If I were to use the Goodreads system to rate this one, I'd probably give it three out of five stars. I liked it, but sadly, I didn't love it. I'll start with the positive: Lagercrantz did a phenomenal job picking up the characters and mimicking the style of the original Lisbeth Salander series. All of the original characters he brought back sounded almost exactly like Steig Larsson's creations. That is no easy task! Because the transition was so seamless in that regard, this book was as quick and almost as engaging to read as its predecessors.
Unfortunately, there were a couple of negatives, as well. Although the characters remained true to themselves, I got the sense that they weren't pushed to do anything new in this one. Blomkvist cracked a big story, but he was clearly smarter than the villains and therefore was never really in danger. Lisbeth did more of the life-threatening work, but after the trauma she endures in the first three novels, working with a bullet hole in her shoulder seems like next to nothing. And that leads into my biggest complaint - this novel lacks grit in a major way. There are violent scenes, but most of them - indeed the worst of them - happen offstage, as it were. For normal mysteries, that would be fine, but Lisbeth Salander's world was built on violence. It's what made her the woman we meet on the page, and it's how she's forced to survive. Without the violence, the book loses that sense of urgency that made the trilogy so great.
Of course, like most mystery authors do these days, Lagercrantz left the door wide open for a sequel. I'm sure I'll read it when it's out, but I won't hold any illusions about how it's going to hold up to what is easily my favorite mystery series in print.
Tuesday, March 29, 2016
I'll admit I don't actually have anything to review at the moment, since 99% of my energy is going to Olivia these days, but I've been missing this blog. I've got three different books started at the moment, but I'm far from finished with any of them. (For the curious, those are Unnatural Creatures, edited by Neil Gaiman; The Best American Short Stories of 2015, edited by T. C. Boyle and Heidi Pitlor; and The Girl in the Spider's Web (A Lisbeth Salander Novel), by David Lagercrantz.) I'm still devouring The Magicians on Syfy as fast as they can air new episodes, although I've completely given up on any comparison to their source material. And, of course, I'm eagerly awaiting the release of Everything You've Come to Expect, which will finally be available this Friday. Basically, I've got a lot going on but nothing that warranted its own blog post. So, I decided I'd modify my own rules for this space a bit.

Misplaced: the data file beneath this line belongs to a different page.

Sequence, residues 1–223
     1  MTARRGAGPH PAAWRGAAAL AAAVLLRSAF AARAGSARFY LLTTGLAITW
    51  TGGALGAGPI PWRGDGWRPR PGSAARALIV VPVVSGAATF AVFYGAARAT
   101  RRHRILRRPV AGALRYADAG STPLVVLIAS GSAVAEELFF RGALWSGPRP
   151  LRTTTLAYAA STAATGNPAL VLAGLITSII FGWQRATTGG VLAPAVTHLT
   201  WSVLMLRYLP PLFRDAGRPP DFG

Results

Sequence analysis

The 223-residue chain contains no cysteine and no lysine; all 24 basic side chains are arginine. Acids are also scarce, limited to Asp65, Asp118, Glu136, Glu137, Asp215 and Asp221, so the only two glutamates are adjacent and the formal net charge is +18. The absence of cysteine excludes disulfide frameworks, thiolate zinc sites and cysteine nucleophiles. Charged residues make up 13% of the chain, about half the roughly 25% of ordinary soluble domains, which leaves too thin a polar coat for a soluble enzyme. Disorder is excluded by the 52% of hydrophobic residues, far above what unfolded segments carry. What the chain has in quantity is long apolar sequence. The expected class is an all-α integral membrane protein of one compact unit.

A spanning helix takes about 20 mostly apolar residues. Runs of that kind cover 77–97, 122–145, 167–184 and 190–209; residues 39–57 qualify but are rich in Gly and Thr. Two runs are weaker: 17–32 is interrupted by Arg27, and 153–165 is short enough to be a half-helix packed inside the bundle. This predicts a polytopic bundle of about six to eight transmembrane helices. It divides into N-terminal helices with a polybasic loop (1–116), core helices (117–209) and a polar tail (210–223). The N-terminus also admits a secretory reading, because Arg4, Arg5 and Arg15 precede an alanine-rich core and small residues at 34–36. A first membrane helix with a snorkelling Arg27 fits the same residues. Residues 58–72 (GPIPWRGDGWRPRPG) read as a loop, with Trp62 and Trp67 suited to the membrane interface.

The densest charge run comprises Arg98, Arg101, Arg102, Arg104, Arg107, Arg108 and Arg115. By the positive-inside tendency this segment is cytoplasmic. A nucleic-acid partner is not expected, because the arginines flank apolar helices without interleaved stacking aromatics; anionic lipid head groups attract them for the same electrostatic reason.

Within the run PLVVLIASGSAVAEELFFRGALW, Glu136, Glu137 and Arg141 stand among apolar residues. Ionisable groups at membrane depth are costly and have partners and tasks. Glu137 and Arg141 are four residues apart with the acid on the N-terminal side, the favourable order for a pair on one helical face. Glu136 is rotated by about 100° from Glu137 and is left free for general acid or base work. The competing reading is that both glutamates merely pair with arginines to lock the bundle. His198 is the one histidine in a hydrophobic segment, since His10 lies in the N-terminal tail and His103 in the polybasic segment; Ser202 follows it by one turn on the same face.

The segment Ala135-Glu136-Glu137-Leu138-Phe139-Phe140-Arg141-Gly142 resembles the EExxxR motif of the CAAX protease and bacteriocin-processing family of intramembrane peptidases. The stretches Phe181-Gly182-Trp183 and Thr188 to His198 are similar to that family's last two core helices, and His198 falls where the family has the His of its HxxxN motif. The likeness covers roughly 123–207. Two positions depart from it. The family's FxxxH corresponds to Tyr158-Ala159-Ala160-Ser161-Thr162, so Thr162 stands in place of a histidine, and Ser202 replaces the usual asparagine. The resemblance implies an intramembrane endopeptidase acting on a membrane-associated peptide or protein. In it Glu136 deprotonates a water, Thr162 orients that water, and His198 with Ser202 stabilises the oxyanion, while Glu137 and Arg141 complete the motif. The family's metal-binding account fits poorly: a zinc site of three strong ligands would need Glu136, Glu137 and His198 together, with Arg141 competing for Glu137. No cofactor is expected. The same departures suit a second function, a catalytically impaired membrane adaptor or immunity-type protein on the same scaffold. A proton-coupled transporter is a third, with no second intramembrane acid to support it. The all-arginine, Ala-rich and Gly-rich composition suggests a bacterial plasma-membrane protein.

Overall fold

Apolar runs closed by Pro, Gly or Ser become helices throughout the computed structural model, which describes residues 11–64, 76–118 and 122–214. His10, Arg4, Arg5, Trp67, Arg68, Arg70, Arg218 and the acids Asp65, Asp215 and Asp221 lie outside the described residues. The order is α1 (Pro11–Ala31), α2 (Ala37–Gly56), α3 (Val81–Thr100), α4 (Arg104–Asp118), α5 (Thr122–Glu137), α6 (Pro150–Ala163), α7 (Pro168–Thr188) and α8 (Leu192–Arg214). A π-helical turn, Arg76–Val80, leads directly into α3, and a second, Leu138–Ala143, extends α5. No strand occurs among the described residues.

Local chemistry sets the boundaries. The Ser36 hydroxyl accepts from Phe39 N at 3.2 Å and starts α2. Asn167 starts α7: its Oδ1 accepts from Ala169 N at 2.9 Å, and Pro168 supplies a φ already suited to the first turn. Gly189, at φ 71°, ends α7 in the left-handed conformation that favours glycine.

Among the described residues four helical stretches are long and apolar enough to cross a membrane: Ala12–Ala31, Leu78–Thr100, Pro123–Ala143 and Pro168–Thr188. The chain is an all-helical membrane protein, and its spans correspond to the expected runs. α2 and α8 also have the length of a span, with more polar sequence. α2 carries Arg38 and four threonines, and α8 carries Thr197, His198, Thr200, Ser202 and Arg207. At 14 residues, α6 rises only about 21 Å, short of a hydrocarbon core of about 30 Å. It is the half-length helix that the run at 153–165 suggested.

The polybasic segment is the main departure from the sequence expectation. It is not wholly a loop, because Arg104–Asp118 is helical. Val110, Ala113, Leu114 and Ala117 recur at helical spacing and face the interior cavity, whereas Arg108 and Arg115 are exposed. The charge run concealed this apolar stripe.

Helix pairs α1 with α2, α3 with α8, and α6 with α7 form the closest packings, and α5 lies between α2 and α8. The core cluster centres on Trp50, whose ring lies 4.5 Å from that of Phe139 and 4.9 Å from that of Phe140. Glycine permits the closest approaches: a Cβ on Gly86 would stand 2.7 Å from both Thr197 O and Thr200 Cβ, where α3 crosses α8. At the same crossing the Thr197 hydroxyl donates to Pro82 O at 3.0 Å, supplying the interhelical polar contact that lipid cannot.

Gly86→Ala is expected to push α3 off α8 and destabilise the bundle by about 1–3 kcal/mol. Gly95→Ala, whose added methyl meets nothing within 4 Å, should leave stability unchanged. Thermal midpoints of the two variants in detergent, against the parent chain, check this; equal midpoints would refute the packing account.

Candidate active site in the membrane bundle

I wanted to tell you guys that I'm excited. Excited to read these books, even if I can only do so in 10- or 20-minute increments during my daughter's cat naps. Excited to get back to writing my own book, even if I have to wait until she's down for the night to steal a little bit of time with pen and paper before I go to bed myself. Excited to bring some of the artwork in my head to life, although I haven't quite figured out when I can fit that into my new routine. (The ideas are currently just...maturing? We'll say they're maturing. That sounds plausibly productive.) Caring for a newborn is by far the hardest thing I have ever done, and it's overwhelming and rewarding and frustrating and hilarious all at once, but it has also been exactly the inspiration I needed to let go of some of the things I've been stressing over and start dreaming again. I want Olivia to grow up with a mother who trusts her own intuition, not a mother who got lost in a existential crisis because her life goals didn't necessarily match anyone's expectations.
I'm sure this all sounds very cliché to some, but to a new mother who is only beginning to stumble out of the "no sleep" fog, it feels like a revelation. Maybe I'm just delirious and hopped up on caffeine, but feeling my creativity return after months of second-guessing every decision I've made in the past year is the biggest weight off my shoulders I could possibly imagine.
Long story short, keep watching this space for upcoming reviews and other news as it comes up! At the very least, I'll be back soon with my thoughts on The Last Shadow Puppets' second album and probably a few schemes about how I might possibly manage to see them play at Lollapalooza this summer. When I find time to get some artwork underway, the VanDuinen Studio Facebook page will get a lot more active, so feel free to follow that if you're so inclined. I've also got my work out to several short story contests at the moment, so fingers crossed on that front!
And now, to sleep. At least for an hour or two.
Tuesday, February 16, 2016
I did not love Wild. I read it quickly, because Olivia's favorite nap location is "on Mom," but I did not love it. In fact, I had a journal open next to me the whole time so I could keep track of my gripes with it. Not a good sign for the book, but it ended up coming in handy for this post! If only I were so organized all the time...